Escapes of mutant tumor cells
Persistence in presence of immunosupprseeive treatment post SOT unknown


What is the role of EBV in lymphomas?

Both Hodgkin lymphoma, post-transplant lymphomas and non-hodgkins lymphoma can be EBV driven
This creates the potential that EBV antigens may a target for CTLs
However EBNA1 is processed by MHC 1 antigens by tumour cells LMP2 however is consistently expressed on the malignant populations in lymphoma and its eptiopes are conserved throughout viral strains, however LMP2 is not highly immunogenic


How do we bias the CTL response to be EBV to be towards LMP2?

Replace LCLs as APCs for the first stimulation for dendritic cells which have been engineered to express LMP2 from an adenovirus vector
Uses of LCLs which over express LMP2 from the same adenovectorfor subsequent stimulations
This approach expands polyclonal populations of both CD4 and CD8 T lymphocytes which are specific for this weak tumour antigen
After infusion into patients diagnosed with LMP2 positive lymphomas LMP2 reactive T cells increased in number in the circulation and at tumour sites producing sustained tumor responses


What are human tumour associated antigens detected by immune cells?

There are a large number of antigens expressed only in tumours and testis in adults
These antigens are intracellular or surface antigens though some are secreted
Some are specific for the cancer such as immunoglobulin idiotypes in lymphoma and myeloma
These antigens have differencing degrees of immunogeneicity with some such as melanoma antigens causing a strong T lymphocyte response


How can an anti-idiotype vaccine be used in lymphoma?

Each patient with non-Hodgkins B cell lymphoma or myeloma has a unique idiotype for their tumour making it a potential target for tumour specific cellular or antibody therapy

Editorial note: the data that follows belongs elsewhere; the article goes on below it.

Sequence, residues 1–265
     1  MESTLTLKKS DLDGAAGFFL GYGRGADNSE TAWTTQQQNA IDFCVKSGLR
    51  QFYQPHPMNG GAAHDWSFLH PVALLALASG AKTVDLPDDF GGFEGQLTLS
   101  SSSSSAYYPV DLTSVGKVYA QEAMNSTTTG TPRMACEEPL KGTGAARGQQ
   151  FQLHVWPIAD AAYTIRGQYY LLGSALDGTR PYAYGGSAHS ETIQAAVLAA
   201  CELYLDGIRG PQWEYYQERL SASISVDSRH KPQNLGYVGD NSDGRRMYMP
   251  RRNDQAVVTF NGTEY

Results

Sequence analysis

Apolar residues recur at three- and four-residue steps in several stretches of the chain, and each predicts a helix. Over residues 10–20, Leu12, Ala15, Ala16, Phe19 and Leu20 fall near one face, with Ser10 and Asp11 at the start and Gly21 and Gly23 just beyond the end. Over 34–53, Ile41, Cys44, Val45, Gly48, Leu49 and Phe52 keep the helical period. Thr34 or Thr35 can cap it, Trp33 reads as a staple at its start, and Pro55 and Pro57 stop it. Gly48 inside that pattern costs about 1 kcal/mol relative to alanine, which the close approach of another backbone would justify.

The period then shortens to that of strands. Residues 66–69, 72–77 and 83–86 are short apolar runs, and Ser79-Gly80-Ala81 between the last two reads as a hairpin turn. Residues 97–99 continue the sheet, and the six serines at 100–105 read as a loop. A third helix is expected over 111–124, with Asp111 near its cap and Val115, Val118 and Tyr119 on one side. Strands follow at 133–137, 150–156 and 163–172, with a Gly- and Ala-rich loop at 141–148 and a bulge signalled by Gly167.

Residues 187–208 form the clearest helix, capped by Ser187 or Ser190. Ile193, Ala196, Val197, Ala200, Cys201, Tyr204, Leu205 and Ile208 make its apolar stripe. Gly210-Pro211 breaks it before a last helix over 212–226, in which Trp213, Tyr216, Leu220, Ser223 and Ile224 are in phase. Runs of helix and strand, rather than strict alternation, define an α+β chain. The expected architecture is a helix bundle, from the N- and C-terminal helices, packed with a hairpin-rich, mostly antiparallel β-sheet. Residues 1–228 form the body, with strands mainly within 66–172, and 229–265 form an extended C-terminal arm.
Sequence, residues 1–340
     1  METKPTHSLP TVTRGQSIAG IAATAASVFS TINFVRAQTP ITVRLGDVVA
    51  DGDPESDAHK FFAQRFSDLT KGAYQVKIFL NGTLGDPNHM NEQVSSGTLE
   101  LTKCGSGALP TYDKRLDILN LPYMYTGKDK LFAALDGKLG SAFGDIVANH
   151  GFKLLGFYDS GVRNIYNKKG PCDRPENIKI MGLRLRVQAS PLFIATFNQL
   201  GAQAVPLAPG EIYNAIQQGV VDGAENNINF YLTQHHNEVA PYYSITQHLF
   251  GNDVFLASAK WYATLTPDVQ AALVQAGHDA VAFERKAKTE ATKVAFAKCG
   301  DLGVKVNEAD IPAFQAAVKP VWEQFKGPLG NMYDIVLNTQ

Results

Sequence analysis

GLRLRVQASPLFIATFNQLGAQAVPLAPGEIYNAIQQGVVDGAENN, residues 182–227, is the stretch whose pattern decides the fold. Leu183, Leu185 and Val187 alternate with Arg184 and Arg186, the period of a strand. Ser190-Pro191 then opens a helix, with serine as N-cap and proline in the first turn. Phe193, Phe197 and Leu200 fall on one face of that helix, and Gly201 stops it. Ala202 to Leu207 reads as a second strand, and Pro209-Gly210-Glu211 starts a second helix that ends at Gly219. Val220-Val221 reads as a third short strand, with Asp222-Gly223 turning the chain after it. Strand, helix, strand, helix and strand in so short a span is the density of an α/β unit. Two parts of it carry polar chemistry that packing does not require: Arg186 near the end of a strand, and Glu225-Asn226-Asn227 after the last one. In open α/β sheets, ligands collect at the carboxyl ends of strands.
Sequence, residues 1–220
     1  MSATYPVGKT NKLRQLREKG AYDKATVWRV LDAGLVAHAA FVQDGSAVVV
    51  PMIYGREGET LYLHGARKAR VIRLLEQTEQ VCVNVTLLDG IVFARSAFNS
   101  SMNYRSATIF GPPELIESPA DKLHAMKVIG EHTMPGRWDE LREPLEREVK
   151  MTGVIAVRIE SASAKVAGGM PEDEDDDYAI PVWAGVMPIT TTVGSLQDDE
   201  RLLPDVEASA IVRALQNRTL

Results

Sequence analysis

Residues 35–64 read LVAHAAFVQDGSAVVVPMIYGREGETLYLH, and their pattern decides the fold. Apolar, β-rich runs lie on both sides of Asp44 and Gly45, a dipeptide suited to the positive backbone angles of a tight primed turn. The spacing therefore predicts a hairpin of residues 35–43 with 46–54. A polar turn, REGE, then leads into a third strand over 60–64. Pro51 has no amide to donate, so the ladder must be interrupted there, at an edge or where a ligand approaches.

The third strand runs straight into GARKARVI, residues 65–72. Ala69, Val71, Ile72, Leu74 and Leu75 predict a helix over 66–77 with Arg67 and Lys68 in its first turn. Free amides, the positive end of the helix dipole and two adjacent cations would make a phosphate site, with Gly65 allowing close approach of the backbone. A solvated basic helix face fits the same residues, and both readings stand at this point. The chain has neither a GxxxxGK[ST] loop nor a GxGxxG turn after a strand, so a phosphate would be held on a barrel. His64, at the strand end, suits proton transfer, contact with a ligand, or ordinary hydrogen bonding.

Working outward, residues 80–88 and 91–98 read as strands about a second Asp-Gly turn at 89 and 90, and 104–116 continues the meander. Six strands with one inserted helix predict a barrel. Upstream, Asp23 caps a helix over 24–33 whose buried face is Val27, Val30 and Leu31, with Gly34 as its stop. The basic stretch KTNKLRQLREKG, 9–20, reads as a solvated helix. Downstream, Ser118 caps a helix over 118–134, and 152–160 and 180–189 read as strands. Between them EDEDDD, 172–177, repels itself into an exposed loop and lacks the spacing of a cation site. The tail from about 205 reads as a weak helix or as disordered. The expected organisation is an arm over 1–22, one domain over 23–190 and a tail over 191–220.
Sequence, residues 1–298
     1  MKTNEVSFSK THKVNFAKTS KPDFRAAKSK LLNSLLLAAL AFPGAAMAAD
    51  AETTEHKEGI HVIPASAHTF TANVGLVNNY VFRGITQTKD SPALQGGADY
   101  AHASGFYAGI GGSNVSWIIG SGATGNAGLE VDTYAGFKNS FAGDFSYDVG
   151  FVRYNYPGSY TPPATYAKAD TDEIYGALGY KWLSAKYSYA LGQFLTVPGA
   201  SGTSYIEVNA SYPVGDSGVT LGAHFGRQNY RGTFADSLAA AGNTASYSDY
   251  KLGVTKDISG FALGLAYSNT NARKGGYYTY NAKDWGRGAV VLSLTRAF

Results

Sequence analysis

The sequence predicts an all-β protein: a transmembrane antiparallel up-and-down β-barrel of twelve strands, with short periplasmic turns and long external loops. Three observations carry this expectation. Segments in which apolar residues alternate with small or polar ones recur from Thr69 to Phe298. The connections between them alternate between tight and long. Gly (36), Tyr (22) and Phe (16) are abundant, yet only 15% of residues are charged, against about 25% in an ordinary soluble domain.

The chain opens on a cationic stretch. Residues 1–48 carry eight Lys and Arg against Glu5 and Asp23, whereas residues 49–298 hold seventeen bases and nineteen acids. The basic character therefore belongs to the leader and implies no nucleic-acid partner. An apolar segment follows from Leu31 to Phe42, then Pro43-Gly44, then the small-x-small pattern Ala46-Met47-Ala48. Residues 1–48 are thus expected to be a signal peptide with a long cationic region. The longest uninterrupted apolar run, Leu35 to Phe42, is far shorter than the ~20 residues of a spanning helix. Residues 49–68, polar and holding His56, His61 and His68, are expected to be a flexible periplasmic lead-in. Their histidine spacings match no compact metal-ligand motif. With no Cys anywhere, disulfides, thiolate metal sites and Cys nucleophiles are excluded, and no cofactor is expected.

Lymphoma patients may be vaccinated after chemotherapy to stave off tumour reoccurance this generates both an anti-Id humoral response and a cellular response


What correlates to a better outcome for patients with follicular lymphoma?

An anti-idiotype response and FcRIIIa 158 valine/valin genotype


What is Wilms tumour gene?

This codes for the WT1proteins which is overexpressed in leukaemia and various types of solid tumours giving it potential as a pan-tumour associated antigen and target for GVL
This protein is also highly immunogenic so both CTLs and antibodies to this produce are spontaneously induced in patients


What is the anti WT1 DNA vaccine?

This is a DNA fusion vaccine which combines tumour derived DNA with a fragment of tetanus toxin whichi s a potent inducer of CD4 T cells
The vaccine is HLA-A2 restricted and was electroporated into the cells of transgenic mice
It induces a specific T helper response that resulted in specific anti-Wilms tumour CTL response in transgenic mice which killed cells in a peptide specific manner
This was the first vaccine to contain only the first domain of the C fragment of tetanus toxin, without the second domain which contains immunogenic MHC-1 binding peptides that can compete with tumour antigen-derived peptides for MHC1
Because tetanus toxin binds promiscuously with MHC II molecules it is a universal helper epitope without restriction to specific MHC II proteins